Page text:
La Cruz de Huanacaxtle
: It may be a hard name to pronounce, but it’s a joy to visit! La Cruz de Huanacaxtle (or simply "La Cruz"), a mere half hour north of the bustle of Puerto Vallarta, offers a restful alternative to the glitz of Vallarta and a glimpse of a typical fishing village, with its fair share of good restaurants, fun shopping and a vibrant music scene.
: was developed in the late 1980s and at the time was one of the first mega developments in Mexico. It became a model for similar communities to be developed in other places such as Los Cabos, Mazatlan, Ixtapa and Cancun. A "mega development" can be defined as a self-contained tourist community where nearly everything that a resident is available.
: Best known as the setting for the movie that put Puerto Vallarta on the tourist map, director John Huston's "The Night of the Iguana," Mismaloya is a typical fishing village located in a beautiful small bay framed by tropical rainforest-blanketed mountains. It's name, derived from the Náhuatl michmaloyan, means "place where they grab fish with their hands."
: Located just a few minutes north of Vallarta, Nuevo Vallarta was originally conceived by the Mexican government as a planned residential-resort with luxury villas that surround the area's estuary canals that evoke Florida. Many deluxe hotels and resorts line up its three-mile long sandy beach, and several shopping centers complement the Nuevo Vallarta experience.
Punta de Mita
: This dramatically pretty peninsula with absolutely exquisite beaches and sweeping views of both the bay and open water has always been a popular weekend escape from Puerto Vallarta. But since the Four Seasons and St. Regis resorts opened a few years ago in the adjacent master-planned resort Punta Mita, it is also attracting the attention of jet setters and those seeking the good life.
: The coastal town of San Francisco (or San Pancho, as it's more commonly used moniker), in Riviera Nayarit, invites rest and relaxation like few others in the region. And yet, with its restaurants, artists and writers collectives and environmental organizations, it encourages short or long-term visitors to get as involved with the community as they choose.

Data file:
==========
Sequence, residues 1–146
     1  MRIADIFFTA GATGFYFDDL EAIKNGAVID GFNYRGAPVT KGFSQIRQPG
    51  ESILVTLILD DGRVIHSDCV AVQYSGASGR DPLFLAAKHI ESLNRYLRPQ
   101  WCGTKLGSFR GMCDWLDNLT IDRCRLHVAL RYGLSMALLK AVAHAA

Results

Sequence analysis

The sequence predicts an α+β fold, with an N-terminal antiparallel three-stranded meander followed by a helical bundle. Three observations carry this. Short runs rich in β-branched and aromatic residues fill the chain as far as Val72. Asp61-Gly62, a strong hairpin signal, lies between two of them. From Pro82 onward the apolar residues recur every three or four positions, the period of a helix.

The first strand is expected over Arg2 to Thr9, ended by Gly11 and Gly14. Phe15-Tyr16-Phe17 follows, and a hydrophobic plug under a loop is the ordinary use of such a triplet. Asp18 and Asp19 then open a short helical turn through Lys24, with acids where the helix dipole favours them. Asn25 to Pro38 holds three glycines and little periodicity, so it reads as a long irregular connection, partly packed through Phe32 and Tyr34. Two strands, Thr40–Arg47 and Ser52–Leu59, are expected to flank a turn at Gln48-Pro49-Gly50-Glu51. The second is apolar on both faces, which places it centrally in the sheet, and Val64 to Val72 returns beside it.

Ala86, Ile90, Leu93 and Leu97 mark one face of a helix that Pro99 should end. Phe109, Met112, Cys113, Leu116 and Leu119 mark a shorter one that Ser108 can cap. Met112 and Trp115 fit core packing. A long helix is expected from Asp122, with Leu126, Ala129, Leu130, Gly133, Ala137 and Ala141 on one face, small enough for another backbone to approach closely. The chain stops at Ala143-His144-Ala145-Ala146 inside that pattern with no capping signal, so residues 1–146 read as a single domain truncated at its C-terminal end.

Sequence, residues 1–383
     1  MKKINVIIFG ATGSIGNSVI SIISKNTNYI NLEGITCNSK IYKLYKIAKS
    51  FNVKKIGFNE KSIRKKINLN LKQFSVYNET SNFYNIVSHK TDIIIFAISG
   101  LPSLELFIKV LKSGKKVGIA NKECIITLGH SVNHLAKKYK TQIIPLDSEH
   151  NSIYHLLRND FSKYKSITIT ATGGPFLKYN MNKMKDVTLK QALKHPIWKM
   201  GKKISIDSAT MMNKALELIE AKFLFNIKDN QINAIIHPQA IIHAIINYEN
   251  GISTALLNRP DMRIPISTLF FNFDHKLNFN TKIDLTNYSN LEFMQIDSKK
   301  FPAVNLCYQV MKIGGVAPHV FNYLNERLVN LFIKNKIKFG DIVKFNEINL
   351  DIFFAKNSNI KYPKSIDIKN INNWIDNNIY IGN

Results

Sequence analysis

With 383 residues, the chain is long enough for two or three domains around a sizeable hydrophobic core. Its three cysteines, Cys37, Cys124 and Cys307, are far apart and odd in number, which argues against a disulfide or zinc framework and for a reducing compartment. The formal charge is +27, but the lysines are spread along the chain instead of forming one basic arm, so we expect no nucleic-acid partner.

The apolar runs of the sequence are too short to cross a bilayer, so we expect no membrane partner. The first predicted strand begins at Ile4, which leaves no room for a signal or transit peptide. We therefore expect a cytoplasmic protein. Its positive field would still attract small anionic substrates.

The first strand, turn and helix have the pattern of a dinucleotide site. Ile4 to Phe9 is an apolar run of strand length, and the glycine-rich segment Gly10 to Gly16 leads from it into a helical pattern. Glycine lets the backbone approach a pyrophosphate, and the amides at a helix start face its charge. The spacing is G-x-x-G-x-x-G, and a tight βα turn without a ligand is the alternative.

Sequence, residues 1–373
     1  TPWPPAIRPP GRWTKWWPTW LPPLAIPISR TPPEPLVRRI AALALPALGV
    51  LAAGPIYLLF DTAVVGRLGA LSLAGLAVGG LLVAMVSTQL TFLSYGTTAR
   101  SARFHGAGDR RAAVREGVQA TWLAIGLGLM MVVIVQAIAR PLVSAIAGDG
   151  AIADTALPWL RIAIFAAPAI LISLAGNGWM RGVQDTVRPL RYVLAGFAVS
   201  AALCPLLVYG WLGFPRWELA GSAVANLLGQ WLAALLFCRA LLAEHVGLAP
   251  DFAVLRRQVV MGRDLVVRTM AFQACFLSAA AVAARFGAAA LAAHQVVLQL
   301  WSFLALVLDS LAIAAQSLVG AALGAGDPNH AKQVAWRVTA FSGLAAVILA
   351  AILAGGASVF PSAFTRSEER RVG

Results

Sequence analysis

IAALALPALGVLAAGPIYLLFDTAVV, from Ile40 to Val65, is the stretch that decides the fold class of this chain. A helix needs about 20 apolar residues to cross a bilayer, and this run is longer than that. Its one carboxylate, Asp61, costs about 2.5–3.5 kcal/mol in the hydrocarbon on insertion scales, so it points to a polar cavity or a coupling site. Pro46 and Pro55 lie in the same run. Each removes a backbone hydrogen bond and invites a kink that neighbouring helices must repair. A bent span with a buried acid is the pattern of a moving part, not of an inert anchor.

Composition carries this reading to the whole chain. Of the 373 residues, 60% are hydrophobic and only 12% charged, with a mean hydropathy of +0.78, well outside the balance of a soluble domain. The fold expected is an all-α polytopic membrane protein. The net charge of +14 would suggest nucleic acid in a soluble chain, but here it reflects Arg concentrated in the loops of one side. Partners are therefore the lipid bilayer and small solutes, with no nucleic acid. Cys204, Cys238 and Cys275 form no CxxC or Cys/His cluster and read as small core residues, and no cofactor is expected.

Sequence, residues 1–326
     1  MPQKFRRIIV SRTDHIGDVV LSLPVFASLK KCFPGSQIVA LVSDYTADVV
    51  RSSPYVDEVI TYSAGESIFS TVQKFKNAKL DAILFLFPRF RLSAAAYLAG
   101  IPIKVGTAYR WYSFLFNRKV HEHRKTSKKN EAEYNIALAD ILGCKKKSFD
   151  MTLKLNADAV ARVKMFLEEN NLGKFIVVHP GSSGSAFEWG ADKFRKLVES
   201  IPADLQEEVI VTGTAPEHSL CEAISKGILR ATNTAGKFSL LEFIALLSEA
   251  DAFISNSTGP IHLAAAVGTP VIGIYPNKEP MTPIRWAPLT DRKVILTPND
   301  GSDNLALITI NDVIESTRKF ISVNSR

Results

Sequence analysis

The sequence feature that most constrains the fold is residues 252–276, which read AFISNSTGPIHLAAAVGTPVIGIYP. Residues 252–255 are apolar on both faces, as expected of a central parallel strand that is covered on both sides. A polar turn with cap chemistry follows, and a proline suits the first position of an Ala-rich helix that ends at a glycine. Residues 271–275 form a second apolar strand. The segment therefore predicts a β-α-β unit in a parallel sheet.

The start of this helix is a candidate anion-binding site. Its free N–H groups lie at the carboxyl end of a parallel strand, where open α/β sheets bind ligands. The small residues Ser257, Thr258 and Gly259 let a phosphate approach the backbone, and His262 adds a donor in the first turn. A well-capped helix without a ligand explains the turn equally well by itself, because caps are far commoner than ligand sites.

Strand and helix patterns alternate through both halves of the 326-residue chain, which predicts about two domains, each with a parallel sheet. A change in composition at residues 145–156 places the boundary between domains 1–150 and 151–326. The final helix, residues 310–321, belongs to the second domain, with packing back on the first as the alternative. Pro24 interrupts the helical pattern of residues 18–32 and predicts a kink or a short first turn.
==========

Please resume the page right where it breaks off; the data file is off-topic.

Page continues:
: A funky fishing village that feels a lot like Puerto Vallarta did a few decades ago, Sayulita is still small town Mexico, its appealing town square the heart and soul of the place. A surfing mecca of international renown, the shoreline of this picturesque fishing village is dotted with coves and beaches where surfers do their thing alongside day trippers from Puerto Vallarta.
: Beyond Conchas Chinas, several towns south of Puerto Vallarta are loosely grouped here as the South Shore for practical purposes. Some of them, such as Las Ánimas or Quimixto, are only accessible by boat. Others, such as El Tuito, are located within a different municipality (Cabo Corrientes) but close enough to Puerto Vallarta, geographically and interest-wise, to be considered here.
: Yelapa's unrivaled popularity in Puerto Vallarta's South Shore makes this hip and mellow fishing town more than deserving of its own entry among our Community section. Nestled into the southernmost cove of Banderas Bay, this village with a South Seas feel is a nature lover's delight and a refuge from the complications of city living.